What is it?
This is the Porsche Cayenne Diesel, a car that Porsche’s chairman, Wendelin Wiedeking, once proclaimed the company would never build. The Porsche Cayenne Diesel slots neatly between the base Porsche Cayenne and the Porsche Cayenne S. The Cayenne Diesel also marks a radical departure for Porsche, being its first-ever production diesel car.
Not that you’re likely to notice. Porsche clearly remains uncomfortable about introducing a diesel, so the Porsche Cayenne Diesel is visually identical to the base Cayenne. There’s not even a badge to give the game away.
It is not until you climb behind the Porsche Cayenne Diesel’s three-spoke steering wheel that you are confronted with the first clues to the turbocharged 3.0-litre V6 common-rail diesel engine under the bonnet.
First up, there is the rev counter that reaches to just 4600rpm. There’s also the characteristic diesel chatter on start-up. It is not the sort of sound you normally associate with a Porsche, but given that the Cayenne is closely related to the Volkswagen Touareg and Audi Q7 – alongside which it is partly assembled – it is not surprising. Not when three quarters of all big off-roaders sold across Europe last year were diesel.
You won’t find any mention of Audi’s Gyor factory in Hungary in the press kit. But that’s where the Cayenne diesel’s engine is produced. With piezo-controlled injector valves that enable the fuel to be delivered to each cylinder at 1800bar of pressure and a variable-geometry turbocharger, the unit kicks out 240bhp at 4000rpm and 405lb ft of torque at 2000rpm.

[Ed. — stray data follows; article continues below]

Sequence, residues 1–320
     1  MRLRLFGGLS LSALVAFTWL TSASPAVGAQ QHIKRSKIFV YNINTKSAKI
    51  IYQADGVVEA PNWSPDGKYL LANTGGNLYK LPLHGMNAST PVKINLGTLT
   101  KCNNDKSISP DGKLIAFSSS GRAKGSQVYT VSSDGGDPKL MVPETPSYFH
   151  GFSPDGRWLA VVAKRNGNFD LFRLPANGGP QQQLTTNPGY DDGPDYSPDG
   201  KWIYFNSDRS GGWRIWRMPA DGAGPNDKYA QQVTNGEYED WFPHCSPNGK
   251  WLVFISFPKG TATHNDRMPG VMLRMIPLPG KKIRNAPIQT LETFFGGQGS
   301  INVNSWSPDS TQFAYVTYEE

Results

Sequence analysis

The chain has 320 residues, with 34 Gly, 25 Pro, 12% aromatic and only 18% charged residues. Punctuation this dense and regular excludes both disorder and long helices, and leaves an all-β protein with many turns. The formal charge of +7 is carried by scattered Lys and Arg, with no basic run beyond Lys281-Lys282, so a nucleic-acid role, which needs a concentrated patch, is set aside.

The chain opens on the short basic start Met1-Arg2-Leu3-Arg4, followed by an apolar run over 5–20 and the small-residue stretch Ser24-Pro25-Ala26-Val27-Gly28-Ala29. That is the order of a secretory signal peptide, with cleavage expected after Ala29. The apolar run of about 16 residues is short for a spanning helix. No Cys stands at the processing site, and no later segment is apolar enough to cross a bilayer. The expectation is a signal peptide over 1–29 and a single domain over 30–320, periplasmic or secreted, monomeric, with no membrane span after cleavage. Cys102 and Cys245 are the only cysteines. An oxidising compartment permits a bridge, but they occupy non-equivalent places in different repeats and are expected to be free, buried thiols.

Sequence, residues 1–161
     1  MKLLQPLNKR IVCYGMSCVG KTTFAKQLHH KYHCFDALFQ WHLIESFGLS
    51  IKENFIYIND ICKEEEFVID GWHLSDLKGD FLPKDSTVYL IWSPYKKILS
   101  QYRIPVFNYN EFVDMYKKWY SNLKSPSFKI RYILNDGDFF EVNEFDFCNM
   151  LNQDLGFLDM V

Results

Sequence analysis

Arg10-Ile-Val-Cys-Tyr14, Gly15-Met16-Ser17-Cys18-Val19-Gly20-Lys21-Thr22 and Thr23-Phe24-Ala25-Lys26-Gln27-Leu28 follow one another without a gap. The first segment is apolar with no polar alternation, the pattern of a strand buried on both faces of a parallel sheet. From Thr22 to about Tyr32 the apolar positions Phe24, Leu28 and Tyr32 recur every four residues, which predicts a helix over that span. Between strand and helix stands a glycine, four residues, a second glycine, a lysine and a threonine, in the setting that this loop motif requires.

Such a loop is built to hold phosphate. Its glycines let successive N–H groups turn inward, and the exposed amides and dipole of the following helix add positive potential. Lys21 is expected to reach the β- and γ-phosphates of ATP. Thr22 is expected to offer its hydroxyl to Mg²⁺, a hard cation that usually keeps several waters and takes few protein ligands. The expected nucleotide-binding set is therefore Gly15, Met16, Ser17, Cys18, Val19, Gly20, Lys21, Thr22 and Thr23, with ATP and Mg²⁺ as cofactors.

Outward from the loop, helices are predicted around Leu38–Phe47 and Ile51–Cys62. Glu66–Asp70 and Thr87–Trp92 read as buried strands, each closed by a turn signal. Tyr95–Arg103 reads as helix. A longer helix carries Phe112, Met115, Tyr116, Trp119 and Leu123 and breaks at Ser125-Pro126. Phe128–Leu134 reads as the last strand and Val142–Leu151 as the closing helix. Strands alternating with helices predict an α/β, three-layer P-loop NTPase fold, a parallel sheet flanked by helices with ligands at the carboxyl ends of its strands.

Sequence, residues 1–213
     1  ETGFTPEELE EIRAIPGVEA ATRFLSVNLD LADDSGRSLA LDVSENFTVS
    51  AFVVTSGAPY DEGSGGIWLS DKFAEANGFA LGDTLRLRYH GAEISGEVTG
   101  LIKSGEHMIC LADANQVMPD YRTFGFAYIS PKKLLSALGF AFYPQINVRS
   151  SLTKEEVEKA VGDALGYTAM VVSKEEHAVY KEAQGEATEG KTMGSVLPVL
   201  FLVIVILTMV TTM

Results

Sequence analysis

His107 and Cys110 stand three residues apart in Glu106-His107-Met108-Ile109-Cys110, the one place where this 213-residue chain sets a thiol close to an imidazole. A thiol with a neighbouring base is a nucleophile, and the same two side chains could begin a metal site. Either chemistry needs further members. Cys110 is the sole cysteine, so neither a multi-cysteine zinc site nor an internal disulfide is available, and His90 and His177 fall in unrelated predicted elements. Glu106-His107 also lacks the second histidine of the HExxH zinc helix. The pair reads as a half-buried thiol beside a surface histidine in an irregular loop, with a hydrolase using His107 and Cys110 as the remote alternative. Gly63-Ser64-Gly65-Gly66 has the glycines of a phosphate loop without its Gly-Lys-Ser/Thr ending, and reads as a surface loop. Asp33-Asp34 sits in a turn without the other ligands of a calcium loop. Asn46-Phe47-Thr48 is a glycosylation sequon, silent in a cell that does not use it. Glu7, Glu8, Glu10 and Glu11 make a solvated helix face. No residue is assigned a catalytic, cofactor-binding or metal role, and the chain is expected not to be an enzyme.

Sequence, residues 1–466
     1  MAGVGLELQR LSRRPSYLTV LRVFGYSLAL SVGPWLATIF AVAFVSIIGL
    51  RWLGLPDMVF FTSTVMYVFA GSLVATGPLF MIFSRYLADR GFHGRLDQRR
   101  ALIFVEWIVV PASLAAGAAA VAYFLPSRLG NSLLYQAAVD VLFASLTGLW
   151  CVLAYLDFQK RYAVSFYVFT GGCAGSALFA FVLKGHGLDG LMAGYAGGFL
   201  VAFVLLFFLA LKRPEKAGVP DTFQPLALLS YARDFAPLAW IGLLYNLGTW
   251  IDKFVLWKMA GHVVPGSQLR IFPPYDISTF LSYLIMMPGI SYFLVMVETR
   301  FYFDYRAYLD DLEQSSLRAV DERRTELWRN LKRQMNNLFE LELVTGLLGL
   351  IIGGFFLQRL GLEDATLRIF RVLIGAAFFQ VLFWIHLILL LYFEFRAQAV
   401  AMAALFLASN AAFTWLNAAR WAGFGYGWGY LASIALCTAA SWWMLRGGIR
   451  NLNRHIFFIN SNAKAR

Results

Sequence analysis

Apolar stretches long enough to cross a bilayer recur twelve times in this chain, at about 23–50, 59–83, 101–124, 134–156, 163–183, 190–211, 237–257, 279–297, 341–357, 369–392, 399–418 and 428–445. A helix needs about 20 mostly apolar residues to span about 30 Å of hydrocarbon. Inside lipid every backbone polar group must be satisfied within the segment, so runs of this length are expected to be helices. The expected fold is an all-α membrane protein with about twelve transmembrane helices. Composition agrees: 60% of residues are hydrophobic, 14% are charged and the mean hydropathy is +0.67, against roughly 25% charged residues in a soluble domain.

What’s it like?
While lacking the inherent refinement and enthusiasm of BMW’s standard-setting twin-turbocharged 3.0-litre straight six, the Audi-sourced motor in the Porsche Cayenne Diesel is reasonably smooth and offers decent in-gear poke. It’s a pity the V6 diesel is so vocal, though.
The six-speed auto, an Aisin unit modified to handle the torque of the engine, is decisive, fast and smooth. It provides a broad spread of performance. Strong low-end acceleration combines with excellent cruising qualities to make the Cayenne Diesel a very rounded proposition. Flick the Sport button and the changes are set significantly quicker, while the throttle response is also sharpened.
At 2240kg, the Porsche Cayenne Diesel is no featherweight. Still, Porsche is proud that it has been able to peg the increase over the petrol Cayenne at just 70kg – included in which is an additional 26kg in engine weight, 29kg of sound deadening and 13kg in a beefed-up torque converter. Odd, then, that its claimed 0-62mph time of 8.3sec is exactly the same as the similarly powered Volkswagen Touareg, which is lumbered with a further 90kg.
The Porsche cayenne Diesel’s 133mph top speed is 3mph quicker than its sibling’s, thanks to more favourable aerodynamics and a smaller frontal area. And with combined fuel consumption of more than 30mpg and a CO2 rating of 244g/km (providing it with EU4 compatibility), this is easily the most economical and cleanest model in the Cayenne line-up.
For such a big car the Cayenne Diesel’s handling is composed, the added weight of the engine and associated changes barely noticeable on open back roads. And with all that torque and four-wheel drive to exploit it, you can confidently stomp out of bends with all the enthusiasm of larger petrol engine Cayenne models.
Should I buy one?
There is a lot to commend the Cayenne diesel. But the fact that it will be replaced within a year by a more modern successor, with a cleaner and even more economical engine, makes it a car with a questionable future as far as depreciation is concerned.
Still, for most potential owners, the only thing of real consequence will be that black, red and gold emblem affixed to the nose. It might be a diesel, but this Cayenne is still a Porsche, and the pull of that badge is as strong as ever.